Tenam Puente Archaeological Zone
Built on a series of tree-covered hills and ever-climbing terraces, Tenam Puente (8 a.m.–5 p.m. daily, US$3) is larger than it may first appear, and is the sort of site whose appeal lies as much in exploring and discovering its many facets as in the structures themselves. Fifteen kilometers (9.3 miles) south of Comitán, it’s a popular stop for tour groups from San Cristóbal, though it rarely feels crowded. Budget about 1.5–2 hours to visit the entire site and the small museum.
Like nearby Chinkultik, Tenam Puente was a modest power on the western highland fringe of the Maya world, peaking around A.D. 600–900. The notorious collapse of Maya centers in the 9th century was far more damaging to large lowland powers like Palenque and Yaxchilán than smaller highland centers like Tenam Puente. In fact, highland cities that survived the collapse’s initial shock may have even benefited from the abrupt humbling of their lowland competitors. Tenam Puente, like nearby Chinkultik, appears to have survived until around A.D. 1200 before finally being abandoned. Like many highland sites, Tenam Puente is notable for the lack of ornamental embellishments found elsewhere, such as corbelled arches and roof combs. Likewise, only one dated stela has been found here (from A.D. 790), now housed in the archaeological museum in Tuxtla Gutiérrez.
Today, Tenam Puente is the focus of a yearly pilgrimage to celebrate the Day of the Holy Cross (May 3).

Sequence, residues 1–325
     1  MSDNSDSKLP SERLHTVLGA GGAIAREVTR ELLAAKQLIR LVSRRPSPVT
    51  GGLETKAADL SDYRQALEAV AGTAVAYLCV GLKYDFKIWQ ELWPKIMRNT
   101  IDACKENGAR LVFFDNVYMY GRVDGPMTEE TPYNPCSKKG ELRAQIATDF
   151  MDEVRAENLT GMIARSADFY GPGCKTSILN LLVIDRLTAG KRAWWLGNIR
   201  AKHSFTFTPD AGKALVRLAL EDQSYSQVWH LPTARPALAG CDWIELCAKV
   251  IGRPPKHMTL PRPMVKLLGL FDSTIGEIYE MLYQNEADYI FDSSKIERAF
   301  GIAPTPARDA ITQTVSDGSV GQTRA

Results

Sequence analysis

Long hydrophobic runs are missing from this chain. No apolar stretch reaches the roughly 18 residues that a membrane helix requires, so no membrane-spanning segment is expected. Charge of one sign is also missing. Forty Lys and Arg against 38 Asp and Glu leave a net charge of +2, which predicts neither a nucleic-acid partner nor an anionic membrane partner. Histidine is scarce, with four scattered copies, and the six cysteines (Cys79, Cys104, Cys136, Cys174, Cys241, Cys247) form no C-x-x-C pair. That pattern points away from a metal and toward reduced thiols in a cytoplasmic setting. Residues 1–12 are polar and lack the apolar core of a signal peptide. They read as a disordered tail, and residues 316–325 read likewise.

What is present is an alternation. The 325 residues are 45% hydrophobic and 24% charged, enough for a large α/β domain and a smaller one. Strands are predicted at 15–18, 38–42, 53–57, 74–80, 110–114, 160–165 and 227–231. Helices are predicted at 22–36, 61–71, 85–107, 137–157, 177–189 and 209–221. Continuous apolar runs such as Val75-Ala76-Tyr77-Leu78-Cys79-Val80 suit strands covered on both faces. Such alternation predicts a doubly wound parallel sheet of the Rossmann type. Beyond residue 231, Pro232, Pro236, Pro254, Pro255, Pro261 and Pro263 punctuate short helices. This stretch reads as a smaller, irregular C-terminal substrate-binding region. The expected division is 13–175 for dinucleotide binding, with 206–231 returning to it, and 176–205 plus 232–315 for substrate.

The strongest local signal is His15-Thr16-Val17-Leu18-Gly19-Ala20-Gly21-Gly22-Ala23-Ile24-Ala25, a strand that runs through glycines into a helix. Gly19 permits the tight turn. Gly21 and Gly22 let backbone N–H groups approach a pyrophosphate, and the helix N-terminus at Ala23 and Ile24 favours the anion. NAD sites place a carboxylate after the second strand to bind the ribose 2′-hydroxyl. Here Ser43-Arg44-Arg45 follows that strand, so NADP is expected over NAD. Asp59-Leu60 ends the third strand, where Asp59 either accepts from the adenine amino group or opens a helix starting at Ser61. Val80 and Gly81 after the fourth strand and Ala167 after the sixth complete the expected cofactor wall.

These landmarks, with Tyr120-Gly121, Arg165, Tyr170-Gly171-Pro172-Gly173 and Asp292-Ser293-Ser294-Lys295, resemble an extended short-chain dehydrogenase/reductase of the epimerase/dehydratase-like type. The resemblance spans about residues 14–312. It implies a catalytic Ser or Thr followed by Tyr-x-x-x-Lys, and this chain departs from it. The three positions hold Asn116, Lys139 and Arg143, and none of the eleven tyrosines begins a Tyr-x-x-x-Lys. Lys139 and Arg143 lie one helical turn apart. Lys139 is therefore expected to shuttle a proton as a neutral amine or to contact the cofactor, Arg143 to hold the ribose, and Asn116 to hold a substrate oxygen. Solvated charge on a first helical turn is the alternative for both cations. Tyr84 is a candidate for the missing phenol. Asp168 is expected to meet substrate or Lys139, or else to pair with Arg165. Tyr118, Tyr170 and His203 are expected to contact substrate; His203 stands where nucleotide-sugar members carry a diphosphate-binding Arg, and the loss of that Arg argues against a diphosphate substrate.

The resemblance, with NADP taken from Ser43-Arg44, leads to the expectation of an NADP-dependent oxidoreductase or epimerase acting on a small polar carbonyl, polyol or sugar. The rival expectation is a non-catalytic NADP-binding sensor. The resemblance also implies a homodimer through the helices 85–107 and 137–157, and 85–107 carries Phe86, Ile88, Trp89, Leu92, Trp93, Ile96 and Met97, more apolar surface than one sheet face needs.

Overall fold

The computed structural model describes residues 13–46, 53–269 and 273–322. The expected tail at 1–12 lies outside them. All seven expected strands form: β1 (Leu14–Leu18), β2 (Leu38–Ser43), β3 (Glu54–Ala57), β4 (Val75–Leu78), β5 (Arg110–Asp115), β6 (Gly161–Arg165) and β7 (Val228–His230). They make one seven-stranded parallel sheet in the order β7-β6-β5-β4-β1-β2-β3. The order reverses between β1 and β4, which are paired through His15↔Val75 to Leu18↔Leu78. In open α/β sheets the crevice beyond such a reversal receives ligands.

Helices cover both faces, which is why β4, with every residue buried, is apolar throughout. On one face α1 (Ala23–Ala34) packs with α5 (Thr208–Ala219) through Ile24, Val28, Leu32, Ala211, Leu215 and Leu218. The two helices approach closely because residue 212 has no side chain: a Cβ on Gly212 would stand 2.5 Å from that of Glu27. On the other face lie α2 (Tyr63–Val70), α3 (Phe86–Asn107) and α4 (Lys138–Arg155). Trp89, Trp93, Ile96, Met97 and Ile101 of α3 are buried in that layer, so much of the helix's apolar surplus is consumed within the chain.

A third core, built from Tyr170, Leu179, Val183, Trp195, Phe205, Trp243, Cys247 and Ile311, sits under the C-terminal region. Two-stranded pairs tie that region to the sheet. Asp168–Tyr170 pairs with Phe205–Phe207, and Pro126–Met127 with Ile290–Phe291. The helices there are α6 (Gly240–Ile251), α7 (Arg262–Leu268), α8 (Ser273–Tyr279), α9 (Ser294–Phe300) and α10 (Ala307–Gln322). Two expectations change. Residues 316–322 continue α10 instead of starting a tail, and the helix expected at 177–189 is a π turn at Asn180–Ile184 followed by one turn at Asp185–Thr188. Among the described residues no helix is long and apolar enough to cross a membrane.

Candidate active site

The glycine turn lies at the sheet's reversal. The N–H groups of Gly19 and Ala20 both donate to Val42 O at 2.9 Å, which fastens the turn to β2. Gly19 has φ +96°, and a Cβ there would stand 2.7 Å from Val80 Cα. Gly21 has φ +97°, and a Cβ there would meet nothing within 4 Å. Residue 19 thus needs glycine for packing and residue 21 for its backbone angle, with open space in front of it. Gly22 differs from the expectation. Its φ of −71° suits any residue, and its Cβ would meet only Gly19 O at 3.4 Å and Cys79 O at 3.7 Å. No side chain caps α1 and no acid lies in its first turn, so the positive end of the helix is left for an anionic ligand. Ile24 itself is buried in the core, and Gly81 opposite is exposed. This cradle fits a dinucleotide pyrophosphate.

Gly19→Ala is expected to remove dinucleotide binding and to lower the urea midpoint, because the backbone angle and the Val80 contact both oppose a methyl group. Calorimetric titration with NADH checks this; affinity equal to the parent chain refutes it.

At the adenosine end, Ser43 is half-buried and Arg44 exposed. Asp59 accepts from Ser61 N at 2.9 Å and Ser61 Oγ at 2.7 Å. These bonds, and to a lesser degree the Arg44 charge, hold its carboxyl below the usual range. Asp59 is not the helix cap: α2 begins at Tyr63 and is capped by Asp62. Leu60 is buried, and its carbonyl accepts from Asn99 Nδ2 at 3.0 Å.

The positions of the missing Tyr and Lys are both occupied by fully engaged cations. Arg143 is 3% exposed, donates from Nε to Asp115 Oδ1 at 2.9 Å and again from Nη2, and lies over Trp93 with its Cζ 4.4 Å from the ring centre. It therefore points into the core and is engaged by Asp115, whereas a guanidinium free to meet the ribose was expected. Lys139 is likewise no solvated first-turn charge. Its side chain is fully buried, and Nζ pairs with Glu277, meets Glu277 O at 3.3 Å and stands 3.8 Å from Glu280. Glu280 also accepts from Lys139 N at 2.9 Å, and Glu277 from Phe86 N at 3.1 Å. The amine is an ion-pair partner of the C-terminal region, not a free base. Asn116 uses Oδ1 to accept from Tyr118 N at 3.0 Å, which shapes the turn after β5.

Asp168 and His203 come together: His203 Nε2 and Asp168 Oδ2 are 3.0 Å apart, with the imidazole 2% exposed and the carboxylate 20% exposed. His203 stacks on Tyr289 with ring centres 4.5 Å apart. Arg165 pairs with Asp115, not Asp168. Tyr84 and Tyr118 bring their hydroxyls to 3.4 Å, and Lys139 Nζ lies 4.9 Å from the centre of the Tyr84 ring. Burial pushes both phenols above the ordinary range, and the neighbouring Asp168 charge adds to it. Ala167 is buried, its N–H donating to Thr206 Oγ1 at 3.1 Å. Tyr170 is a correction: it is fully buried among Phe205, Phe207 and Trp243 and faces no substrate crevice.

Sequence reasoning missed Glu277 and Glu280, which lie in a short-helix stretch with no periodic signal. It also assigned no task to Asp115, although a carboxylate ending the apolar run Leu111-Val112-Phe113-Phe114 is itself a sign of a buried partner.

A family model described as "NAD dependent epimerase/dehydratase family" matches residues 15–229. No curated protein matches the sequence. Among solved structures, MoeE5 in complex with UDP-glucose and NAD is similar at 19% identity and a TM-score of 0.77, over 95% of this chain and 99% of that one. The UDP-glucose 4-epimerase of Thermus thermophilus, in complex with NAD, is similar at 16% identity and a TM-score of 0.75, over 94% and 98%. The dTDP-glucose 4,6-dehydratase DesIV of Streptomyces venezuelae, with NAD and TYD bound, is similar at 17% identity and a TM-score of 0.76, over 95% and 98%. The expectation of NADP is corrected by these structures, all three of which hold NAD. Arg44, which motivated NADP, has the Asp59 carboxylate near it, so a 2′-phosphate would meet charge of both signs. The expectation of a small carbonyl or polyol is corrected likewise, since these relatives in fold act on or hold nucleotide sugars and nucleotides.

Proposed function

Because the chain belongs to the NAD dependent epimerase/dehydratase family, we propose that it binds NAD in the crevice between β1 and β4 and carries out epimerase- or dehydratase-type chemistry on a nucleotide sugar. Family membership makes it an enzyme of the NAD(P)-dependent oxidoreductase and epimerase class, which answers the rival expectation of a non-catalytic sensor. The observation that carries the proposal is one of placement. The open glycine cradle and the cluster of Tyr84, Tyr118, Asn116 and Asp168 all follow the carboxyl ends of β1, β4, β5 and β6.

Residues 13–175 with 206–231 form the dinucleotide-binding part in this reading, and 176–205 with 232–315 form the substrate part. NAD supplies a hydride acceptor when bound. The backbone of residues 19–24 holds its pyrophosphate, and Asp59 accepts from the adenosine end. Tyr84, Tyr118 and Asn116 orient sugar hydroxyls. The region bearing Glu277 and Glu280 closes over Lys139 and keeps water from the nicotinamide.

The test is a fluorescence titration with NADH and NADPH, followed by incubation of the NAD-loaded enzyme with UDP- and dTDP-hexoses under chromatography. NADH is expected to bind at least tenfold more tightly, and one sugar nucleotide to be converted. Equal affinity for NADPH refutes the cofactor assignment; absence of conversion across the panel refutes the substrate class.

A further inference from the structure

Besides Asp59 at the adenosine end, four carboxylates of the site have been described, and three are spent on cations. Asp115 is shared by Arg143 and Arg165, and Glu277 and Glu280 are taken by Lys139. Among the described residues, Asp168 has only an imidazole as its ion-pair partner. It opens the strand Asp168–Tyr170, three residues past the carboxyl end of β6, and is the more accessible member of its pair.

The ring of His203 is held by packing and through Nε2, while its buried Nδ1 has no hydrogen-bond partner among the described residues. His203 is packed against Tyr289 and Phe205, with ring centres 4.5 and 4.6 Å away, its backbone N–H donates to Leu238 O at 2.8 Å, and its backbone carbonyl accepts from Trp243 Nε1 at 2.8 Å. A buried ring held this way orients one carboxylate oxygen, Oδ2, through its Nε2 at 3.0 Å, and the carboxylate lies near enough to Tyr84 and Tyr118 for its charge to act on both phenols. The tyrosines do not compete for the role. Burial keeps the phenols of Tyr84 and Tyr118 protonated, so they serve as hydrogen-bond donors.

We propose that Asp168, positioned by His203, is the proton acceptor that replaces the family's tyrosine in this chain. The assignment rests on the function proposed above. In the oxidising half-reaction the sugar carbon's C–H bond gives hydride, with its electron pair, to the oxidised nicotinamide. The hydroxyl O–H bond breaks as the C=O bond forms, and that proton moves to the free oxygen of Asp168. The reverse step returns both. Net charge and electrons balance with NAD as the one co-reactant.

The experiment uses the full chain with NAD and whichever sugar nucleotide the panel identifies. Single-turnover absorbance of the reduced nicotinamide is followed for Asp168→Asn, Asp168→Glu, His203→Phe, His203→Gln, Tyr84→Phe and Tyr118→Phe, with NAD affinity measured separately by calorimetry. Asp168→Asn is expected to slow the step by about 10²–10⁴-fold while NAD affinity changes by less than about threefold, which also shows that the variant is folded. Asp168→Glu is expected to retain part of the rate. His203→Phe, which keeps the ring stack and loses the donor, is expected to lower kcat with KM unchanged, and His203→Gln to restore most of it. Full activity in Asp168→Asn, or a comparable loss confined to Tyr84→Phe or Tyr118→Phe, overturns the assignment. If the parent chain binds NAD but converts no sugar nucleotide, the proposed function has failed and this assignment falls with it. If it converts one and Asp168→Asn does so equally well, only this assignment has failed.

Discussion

Visiting Tenam Puente
Entering the site, you first encounter a large grassy plaza with a ball court on one side—one of three ball courts found here. From the long northeast side of the plaza, the Acrópolis rises in a series of broad consecutive terraces, its impressive upper pyramids all but invisible from below, but affording dramatic views of the surrounding countryside from their summits. A carving of a decapitated captive can be seen at the base of Structure 17. The Acrópolis covers some four hectares in all, and most of its notable structures were originally covered in plaster and painted in rich colors.
Across from the ticket booth is a one-room museum (8 a.m.–5 p.m. daily) with detailed information on the history of the ruins as well as descriptions of the excavated structures. It’s worth a stop, even a quick one, to get an overview of the archaeological site. Signage is in English and Spanish.
Getting to Tenam Puente
From Comitán, Transporte Ejidal Tenam Puente (3a Av. Sur Pte. near 1a Calle Sur Pte.) runs combis to and from the ruins every 30 minutes from 7 a.m. to 6 p.m. daily (45 mins, US$1). Be sure to let the driver know that you’re headed to the ruins, otherwise he’ll let you off at the last stop, two kilometers below the entrance. The last combi heads back to town at 4:30 p.m.
© Liza Prado and Gary Chandler from Moon Chiapas, 1st Edition